I have been blessed to see this ideal lived in individual ways by my grandfather, my father, my husband, my brothers.  I hope to see it lived someday by my son.  I am grateful for the words of Longfellow; the way he captured this ideal has allowed generations to read and consider it.  Thankful for these words that I can share with my children, words that allow their minds to form a picture of worthy manhood in an age when manliness is often despised or perverted.

This morning we sung Faith of Our Fathers, and I was reminded anew of the obligation of each generation to pass along good and right thoughts, that they be not lost.

Faith of our fathers, living still,
In spite of dungeon, fire and sword;
O how our hearts beat high with joy
Whene’er we hear that glorious word!

Our fathers, chained in prisons dark,
Were still in heart and conscience free;
How sweet would be their children’s fate
If they, like them, could die for thee!

Faith of our fathers, we will love
Both friend and foe in all our strife;
And preach Thee, too, as love knows how
By kindly words and virtuous life.

With all that is going on in the world: as Christians are persecuted abroad and Christian ideals are rejected more and more by our society, I want these words sunk deep into the minds of my children.

Ideas are captured in words, learned by the mind, but ultimate touch the soul.

WWW ladydusk

6

Simple Systems: Hymn Study

Throughout the month of October, Mystie did a splendid series on what she called Simple Home Systems.

I like to turn to systems when I have something I want to happen, but don’t have the brain power to dedicate to it to think it through every time deliberately. Whether it’s what I wear to what’s for dinner to almost any other small but essential responsibility, making it a system is a way to reduce decision fatigue and have more energy to invest where you get better returns on it.

As I contemplated this concept, I realized that the changes which made the greatest difference in our home have usually been Simple Systems.  In my case they generally begin as a Problem, for which I create a Complicated Solution, which leads to More Problems, then finally a Simple Solution.

Take Hymns. Hymns are a big part of our life.  They are a part of our school day, an integral part of family devotions, and an important aspect of church worship.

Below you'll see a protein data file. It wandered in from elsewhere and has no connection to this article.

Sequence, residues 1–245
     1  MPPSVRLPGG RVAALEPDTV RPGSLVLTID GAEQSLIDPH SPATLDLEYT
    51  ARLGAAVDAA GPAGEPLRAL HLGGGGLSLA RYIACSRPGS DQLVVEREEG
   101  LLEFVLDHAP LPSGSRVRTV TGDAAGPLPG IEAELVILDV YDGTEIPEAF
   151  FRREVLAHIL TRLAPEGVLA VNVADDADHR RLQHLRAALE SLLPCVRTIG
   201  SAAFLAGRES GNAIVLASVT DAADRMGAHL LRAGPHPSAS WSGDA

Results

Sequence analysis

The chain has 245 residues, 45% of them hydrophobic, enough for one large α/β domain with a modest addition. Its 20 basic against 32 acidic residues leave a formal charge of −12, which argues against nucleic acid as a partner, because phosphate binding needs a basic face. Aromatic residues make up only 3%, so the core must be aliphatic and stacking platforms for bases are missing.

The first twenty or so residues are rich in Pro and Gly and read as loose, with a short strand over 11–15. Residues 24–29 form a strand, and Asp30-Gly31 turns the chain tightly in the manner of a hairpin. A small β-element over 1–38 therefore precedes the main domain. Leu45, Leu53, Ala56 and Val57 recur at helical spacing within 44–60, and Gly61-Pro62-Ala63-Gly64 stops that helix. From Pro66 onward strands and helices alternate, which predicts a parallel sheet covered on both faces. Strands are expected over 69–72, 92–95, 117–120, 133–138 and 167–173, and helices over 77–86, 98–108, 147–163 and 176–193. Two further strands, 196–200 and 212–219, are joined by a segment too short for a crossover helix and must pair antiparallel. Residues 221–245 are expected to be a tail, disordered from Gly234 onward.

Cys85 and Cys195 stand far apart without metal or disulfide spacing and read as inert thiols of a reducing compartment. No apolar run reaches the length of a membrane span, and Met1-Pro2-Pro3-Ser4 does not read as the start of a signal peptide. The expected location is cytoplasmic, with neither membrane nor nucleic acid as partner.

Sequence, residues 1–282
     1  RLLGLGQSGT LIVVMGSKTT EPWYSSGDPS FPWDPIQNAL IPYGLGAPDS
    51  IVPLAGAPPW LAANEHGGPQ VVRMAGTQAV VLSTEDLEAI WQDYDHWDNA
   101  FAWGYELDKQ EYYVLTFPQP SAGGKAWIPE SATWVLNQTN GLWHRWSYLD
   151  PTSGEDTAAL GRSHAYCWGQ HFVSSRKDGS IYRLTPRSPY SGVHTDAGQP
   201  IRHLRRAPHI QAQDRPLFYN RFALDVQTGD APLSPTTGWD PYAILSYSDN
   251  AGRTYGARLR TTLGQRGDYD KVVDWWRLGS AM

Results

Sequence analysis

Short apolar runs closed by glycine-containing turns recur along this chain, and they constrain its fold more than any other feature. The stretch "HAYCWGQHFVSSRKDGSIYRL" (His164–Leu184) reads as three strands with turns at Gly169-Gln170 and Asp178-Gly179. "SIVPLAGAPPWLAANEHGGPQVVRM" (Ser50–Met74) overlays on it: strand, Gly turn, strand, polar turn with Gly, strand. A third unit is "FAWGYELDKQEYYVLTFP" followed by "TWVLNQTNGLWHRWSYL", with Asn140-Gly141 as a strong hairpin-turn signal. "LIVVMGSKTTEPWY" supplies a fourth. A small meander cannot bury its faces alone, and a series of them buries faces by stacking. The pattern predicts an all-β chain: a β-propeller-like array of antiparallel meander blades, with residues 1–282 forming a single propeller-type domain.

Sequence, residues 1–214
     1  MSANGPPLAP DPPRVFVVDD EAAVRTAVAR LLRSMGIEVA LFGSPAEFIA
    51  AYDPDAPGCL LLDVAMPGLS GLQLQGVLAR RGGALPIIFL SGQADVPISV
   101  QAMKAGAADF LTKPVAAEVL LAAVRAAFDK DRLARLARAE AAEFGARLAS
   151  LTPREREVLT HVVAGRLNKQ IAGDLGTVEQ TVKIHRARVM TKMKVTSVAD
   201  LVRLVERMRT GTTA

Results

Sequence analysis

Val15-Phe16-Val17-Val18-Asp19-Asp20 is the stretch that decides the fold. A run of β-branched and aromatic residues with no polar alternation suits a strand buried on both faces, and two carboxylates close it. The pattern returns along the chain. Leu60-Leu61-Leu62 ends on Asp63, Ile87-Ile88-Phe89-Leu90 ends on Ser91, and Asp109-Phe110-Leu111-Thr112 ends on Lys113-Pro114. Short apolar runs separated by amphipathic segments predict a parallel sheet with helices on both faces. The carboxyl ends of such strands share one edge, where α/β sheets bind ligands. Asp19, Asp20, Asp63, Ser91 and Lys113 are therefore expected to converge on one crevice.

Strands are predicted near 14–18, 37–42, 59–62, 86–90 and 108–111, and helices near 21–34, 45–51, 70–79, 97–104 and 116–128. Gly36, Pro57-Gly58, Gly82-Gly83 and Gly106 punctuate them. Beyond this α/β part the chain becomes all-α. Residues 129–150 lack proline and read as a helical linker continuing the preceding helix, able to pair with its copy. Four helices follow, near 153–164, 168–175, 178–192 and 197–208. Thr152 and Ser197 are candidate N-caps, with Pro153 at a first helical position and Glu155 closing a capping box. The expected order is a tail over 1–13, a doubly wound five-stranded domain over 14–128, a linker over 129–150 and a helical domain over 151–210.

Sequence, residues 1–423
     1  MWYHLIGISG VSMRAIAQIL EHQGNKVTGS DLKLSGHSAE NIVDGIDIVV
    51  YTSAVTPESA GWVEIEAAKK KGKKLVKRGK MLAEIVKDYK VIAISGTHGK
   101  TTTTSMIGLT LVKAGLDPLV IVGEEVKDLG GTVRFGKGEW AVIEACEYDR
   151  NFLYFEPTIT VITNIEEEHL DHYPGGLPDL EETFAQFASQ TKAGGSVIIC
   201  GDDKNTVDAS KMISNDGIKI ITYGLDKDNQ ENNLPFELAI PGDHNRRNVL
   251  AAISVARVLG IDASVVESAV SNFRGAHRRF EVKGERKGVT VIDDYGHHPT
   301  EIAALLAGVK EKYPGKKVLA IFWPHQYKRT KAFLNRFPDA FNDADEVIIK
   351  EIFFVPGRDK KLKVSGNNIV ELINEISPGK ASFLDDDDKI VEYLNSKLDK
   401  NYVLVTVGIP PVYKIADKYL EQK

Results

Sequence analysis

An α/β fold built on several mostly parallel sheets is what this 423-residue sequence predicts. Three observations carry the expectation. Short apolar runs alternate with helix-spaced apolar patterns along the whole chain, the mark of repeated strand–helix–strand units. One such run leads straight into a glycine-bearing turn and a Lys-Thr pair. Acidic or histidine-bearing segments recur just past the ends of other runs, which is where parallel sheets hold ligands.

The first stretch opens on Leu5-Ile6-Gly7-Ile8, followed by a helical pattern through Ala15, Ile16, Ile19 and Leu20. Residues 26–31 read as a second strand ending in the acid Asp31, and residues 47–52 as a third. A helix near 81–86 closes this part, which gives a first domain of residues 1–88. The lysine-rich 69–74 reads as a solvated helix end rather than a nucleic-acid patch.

20141106_103556

Problem

With hymns spread across so much of our lives, we ended up learning new hymns or reviewing old ones, but rarely doing both.  I wanted both consistent learning and consistent review.

Complicated Solution

At first I began printing out hymns and adding them to our Memory Work Binders.  This worked well during our Circle Time, but not so well for family devotions, which usually occurred with several children piled onto their father and a squirming baby in my lap. (Imagine torn page protectors, binders opened and pages spilling everywhere: in short, frequent chaos.)  I began to notice that the versions I printed off of the internet were occasionally different than the versions we sung at church.  Add to this the fact that hymns were rapidly filling up our memory binders and making them difficult to navigate.  A long term system was needed.

Simple Solution

As our Big Purchase for this school year, we ordered four of the hymnals used by our church. These hymnals are kept right beside the Family Bible.

Each morning we begin our Circle Time with two hymns: a hymn we’re learning and a hymn we’re reviewing.

The hymn that we’re currently learning is sung every day until we know it by heart.  When we’ve learned a new hymn, I carefully “highlight” the title in the index.  (I use colored pencil, as an actual highlighter would bleed through the page.)

20141106_102917

The highlighted titles become our review list. We start with A and work our way through the alphabet, singing one highlighted song each day until we get through Z, then going back to A and starting over.  The hymns sung during family devotions are chosen from the highlighted titles, and the hymnals are not only easier to manage than binders, they’re also sturdier.

Simple.  Reliable.  Usable.

4

Biased Reporting: A Breakdown

I saw the headline when a friend posted it on Facebook with the warning that such events would soon be happening all across America.  It had some definite shock value. “School’s Nation of Islam handout paints Founding Fathers as racists”I read.  Even though I homeschool my own children, I do find it disturbing that public school would hand out Islamic literature.  Perhaps it was a critical thinking assignment for high school students.  Curious about the details, I click on through to read the full article.